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Scouting alternatives draw UU youth

Navigators and SpiralScouts offer inclusive programs.
By Donald E. Skinner
9.21.07

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SpiralScouts

(Courtesy of Spiral Scouts)

Two Sunday afternoons a month the Mojave Desert SpiralScouts Circle No. 147 takes over the building of the Unitarian Universalist Congregation of Las Vegas. Kids cluster together, working on camping badges and chattering about their latest field trip.

On the other side of the country, in a New York City elementary school, young Navigators meet after school to practice wilderness skills and plan community service projects and outdoor adventures. Their leader is a Unitarian Universalist who formerly led a Boy Scout troop.

SpiralScouts and Navigators USA are two alternatives that have arisen in the wake of decisions by the Boy Scouts of America (BSA) in 1999 to exclude boys and leaders who were gay or did not believe in a supreme being.

The Unitarian Universalist Association parted ways with the BSA over those two issues after the BSA withdrew approval in May 1999 for a religious emblem the UUA awarded to Scouts who had earned it through a program of study in their congregations. Since that time some UUs have wanted a more inclusive youth program. SpiralScouts and Navigators are two such groups.

Neither group is officially affiliated with the UUA, although UUs may lead them and participate in them. Some groups meet in UU buildings or are sponsored by individual UU congregations. Other UUs continue to participate in Boy Scout programs.

SpiralScouts, begun in 2001, was organized as a youth program of the Aquarian Tabernacle Church, a Wiccan group in the state of Washington. It is now run independently of the church. SpiralScouts is directed primarily at children and youth whose families identify as Wiccan or Pagan and with Earth-centered spirituality, but it is open to anyone, says Janet Callahan, SpiralScouts International program director.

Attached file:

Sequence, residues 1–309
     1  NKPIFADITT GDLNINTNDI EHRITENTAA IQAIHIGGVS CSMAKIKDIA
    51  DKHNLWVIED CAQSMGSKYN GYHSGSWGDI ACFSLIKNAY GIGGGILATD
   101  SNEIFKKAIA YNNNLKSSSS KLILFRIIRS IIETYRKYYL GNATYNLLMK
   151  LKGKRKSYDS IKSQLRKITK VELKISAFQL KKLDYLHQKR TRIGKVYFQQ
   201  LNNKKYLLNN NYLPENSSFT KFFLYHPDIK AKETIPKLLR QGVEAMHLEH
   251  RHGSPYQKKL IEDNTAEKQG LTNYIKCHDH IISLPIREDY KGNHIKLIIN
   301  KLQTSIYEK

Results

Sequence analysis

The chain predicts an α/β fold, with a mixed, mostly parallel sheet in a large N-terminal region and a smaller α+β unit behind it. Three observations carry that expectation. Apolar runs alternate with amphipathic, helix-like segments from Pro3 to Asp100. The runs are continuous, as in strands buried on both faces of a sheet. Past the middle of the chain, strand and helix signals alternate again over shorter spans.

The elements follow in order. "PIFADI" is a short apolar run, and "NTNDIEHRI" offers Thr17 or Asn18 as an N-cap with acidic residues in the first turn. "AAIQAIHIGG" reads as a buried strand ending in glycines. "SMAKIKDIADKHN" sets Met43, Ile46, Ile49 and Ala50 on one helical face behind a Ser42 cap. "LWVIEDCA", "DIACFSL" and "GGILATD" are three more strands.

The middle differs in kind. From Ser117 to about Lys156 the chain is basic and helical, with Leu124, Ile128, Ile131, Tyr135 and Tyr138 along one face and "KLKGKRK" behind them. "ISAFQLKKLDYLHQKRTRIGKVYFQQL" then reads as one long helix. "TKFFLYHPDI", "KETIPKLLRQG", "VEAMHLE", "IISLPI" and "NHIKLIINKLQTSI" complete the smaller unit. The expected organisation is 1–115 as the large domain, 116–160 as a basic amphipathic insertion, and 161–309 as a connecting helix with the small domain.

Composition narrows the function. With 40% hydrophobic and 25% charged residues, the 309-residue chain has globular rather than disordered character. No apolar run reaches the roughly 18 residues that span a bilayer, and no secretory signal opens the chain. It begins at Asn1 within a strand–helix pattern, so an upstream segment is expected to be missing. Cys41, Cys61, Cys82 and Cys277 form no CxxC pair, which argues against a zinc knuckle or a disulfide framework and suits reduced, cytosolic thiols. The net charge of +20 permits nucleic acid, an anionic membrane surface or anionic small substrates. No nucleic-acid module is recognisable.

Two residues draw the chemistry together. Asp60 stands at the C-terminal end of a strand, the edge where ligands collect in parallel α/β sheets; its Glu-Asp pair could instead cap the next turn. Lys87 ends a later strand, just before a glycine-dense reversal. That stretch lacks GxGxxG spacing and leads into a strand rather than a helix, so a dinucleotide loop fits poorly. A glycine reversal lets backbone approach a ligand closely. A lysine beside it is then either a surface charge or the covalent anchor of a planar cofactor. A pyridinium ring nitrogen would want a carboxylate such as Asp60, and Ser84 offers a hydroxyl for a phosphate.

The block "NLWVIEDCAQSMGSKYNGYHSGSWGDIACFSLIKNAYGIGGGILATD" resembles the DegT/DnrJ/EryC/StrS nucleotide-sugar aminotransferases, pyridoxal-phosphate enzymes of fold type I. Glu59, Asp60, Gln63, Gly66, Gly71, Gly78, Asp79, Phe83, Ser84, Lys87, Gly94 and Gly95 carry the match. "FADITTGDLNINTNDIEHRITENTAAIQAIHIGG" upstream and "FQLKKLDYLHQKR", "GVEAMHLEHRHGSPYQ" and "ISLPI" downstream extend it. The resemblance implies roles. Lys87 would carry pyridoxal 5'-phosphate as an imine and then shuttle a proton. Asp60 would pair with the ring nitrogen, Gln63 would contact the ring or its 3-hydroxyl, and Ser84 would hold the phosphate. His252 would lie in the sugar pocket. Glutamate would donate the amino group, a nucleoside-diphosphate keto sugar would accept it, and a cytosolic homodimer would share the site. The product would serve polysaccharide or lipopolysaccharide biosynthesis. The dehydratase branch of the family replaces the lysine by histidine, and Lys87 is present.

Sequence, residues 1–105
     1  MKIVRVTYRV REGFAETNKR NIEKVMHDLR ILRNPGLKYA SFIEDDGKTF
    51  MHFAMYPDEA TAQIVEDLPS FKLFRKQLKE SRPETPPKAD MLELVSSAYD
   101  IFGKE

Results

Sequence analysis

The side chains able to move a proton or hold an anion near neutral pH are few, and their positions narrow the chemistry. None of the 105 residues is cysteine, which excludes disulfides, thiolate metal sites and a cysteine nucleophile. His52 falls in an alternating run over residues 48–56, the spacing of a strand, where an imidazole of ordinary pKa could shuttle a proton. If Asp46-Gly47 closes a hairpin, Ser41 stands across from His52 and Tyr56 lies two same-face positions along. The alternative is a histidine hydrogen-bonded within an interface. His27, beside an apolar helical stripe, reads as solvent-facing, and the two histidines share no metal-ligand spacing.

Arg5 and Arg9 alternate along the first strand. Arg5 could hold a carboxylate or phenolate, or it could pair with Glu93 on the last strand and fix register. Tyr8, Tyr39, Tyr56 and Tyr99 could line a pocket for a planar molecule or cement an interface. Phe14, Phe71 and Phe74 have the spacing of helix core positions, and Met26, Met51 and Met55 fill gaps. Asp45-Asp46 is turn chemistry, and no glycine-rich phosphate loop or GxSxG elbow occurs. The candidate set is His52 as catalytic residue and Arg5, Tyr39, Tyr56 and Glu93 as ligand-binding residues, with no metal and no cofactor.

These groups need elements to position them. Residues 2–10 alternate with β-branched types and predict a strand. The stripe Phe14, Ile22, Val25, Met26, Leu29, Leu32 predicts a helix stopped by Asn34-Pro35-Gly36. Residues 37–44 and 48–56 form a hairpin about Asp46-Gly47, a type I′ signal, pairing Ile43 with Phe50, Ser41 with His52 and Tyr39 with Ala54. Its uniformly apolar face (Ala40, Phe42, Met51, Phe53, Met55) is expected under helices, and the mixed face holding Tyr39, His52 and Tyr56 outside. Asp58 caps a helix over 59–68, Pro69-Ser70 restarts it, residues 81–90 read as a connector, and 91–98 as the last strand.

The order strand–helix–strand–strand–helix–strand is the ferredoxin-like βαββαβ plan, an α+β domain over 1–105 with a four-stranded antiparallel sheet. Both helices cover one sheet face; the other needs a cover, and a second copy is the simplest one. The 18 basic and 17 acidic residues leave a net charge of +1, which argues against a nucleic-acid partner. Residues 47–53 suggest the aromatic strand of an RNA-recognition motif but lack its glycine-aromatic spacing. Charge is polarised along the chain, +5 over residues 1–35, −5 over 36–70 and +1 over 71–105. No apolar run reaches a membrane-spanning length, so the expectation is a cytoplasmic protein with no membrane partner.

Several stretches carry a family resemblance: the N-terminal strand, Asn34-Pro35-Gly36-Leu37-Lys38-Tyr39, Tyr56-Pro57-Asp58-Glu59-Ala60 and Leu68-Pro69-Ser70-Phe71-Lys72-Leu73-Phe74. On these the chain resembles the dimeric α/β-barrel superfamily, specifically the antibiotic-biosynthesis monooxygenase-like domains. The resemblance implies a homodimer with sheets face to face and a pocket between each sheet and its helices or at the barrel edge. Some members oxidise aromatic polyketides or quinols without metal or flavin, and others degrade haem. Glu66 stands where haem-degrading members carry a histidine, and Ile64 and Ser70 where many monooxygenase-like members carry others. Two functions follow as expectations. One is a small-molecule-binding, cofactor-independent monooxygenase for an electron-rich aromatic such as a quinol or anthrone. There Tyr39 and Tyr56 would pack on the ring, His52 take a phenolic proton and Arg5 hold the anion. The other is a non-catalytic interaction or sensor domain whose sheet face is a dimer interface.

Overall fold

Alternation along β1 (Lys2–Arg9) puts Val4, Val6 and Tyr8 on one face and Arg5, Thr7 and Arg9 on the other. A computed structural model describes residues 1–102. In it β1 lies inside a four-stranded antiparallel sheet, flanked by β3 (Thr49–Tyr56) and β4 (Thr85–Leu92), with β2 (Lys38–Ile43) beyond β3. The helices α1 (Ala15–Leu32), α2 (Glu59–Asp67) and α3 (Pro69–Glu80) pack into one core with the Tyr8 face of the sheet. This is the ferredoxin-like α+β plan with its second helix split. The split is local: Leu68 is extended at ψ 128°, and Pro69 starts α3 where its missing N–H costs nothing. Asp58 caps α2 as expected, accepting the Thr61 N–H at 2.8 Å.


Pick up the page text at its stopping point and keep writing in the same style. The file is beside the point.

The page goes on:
Wicca is an Earth-centered religion based on pre-Christian traditions from Northern Europe. It contains references to Celtic deities, symbols, and seasonal days of celebration that reverence the Earth.

Callahan says there are currently more than 80 chartered SpiralScouts circles or “hearths” in 20 states. A hearth is an individual family that does not have a circle nearby. She said a half-dozen circles are either affiliated with Unitarian Universalist congregations or have a UU as leader.

SpiralScouts is for boys and girls ages 3 to 18. Circles are required to have both a male and female leader.

The Las Vegas SpiralScouts Circle is sponsored jointly by the UU Congregation of Las Vegas and the Agave Spirit Grove, a chapter of the Covenant of Unitarian Universalist Pagans. Two of the leaders of the circle are members of both the Pagan group and the congregation.

Krista Cielo-Cooney, a leader of the Las Vegas circle, said the program, which was formed there in August 2006, has 20 scouts. “Most of the families are Pagan or of mixed faith. SpiralScouts is a better fit for them than either the Boy or Girl Scouts. Some of our families have been waiting forever for this to get going.”

Jess Baribault, a member of the UU Congregation in Milford, N.H., began looking for “family-friendly Pagan activities” five years ago when her son was a toddler. She found the SpiralScouts website and she started Silverling Circle No. 58 at Antrim, where she lives. Eight other families have joined.

The group sometimes meets at her home, but most often it gathers for field trips, she said. “We’ve been to see a maple sugaring demonstration and we used that as an opportunity to talk about the gifts that trees give us and we connected it to the Spring Equinox and Ostara.” Ostara is a Pagan holiday from which the term Easter is derived.